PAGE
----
In the early days access points were expensive, so usually only one was bought and placed in the middle of the office. This worked fine when there were just a few users with no specific requirements for bandwidth or latencies. Today user count is not the right metric, because every user has multiple devices: a laptop, a smartphone and often a tablet. Smartphone battery capacity is very limited, so is their transmit power. You need to have an access point near every phone, so you need to have multiple access points. Multiple access points will interfere with each other unless you turn down their transmit power, typically on par with the lowest powered smartphone (10-15mW). Do not leave all access points on full power, which is usually the factory default.

Managing multiple access points becomes a burden. Consumer grade access points are managed individually, typically through a web interface. Keeping just five access points in synch regarding setting and updates is a chore. Look for some kind of centralized management solution when choosing access points. With a centralized controller you can update settings and apply updates to all access points with a single action.

Upgrading to 802.11ac

802.11ac will yield enormous speed and capacity, but what are the points you need to consider?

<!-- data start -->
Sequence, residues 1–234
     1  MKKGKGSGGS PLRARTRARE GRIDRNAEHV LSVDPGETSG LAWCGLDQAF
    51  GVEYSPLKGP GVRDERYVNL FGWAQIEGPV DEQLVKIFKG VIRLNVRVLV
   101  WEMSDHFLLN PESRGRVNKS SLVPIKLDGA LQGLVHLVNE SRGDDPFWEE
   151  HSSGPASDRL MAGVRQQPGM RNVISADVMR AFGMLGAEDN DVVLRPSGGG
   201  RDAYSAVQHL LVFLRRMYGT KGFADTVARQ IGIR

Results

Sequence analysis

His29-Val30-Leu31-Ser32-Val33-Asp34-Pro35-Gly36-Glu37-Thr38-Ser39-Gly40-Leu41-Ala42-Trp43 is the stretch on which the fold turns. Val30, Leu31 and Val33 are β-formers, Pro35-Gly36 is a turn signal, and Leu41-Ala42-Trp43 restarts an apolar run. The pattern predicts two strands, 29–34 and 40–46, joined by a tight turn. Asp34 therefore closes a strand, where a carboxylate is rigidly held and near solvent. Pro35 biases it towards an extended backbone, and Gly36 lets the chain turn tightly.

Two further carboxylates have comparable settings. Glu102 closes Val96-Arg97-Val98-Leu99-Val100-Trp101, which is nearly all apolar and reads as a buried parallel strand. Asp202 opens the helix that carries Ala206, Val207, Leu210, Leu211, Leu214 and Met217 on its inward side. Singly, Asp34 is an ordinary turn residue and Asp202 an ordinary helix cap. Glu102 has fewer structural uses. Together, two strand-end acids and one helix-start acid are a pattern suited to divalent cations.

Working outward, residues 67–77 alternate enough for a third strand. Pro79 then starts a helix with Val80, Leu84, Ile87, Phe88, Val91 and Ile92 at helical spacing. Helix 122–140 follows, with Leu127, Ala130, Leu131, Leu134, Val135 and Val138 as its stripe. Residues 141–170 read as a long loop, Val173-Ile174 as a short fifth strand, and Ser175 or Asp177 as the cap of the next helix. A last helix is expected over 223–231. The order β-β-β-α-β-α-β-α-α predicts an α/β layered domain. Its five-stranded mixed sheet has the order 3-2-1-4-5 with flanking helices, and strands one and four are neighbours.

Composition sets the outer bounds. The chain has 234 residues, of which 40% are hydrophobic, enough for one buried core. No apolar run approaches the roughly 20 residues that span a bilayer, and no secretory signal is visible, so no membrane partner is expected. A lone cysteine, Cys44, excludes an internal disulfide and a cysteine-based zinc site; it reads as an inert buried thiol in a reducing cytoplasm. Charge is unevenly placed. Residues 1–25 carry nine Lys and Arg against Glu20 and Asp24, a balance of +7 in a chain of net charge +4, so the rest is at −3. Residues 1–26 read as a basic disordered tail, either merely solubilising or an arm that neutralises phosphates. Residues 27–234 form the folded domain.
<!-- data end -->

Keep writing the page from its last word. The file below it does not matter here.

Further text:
First of all, 802.11ac is defined only for 5GHz band, 2.4GHz band will continue to use 802.11n. Higher frequences fade more quickly, so you will need more 5GHz access points, because they need to be closer to each other. The 5GHz band was already in use with 802.11n, so this has usually already been taken care of.

The new speeds in AC use wider channels (80MHz and 160MHz) and more precise modulation (256-QAM). High precision modulation requires very good reception, in practice it requires clear line-of-sight to the access point. You won't get AC-speed if the access point is on the other side of a wall. This is another reason you usually will want more access points when upgrading to AC. You also gain more capacity so the network can support the increasing number of users and their requirements. When you add more access points you need to turn down the transmit power so the access points won't interfere with each other, otherwise adding access points will degrade performance instead.